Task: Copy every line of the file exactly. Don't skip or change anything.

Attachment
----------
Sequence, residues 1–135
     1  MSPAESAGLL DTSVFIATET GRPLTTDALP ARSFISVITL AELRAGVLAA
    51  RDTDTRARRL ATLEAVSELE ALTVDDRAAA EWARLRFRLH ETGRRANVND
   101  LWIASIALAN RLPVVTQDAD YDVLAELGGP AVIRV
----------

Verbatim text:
Sequence, residues 1–135
     1  MSPAESAGLL DTSVFIATET GRPLTTDALP ARSFISVITL AELRAGVLAA
    51  RDTDTRARRL ATLEAVSELE ALTVDDRAAA EWARLRFRLH ETGRRANVND
   101  LWIASIALAN RLPVVTQDAD YDVLAELGGP AVIRV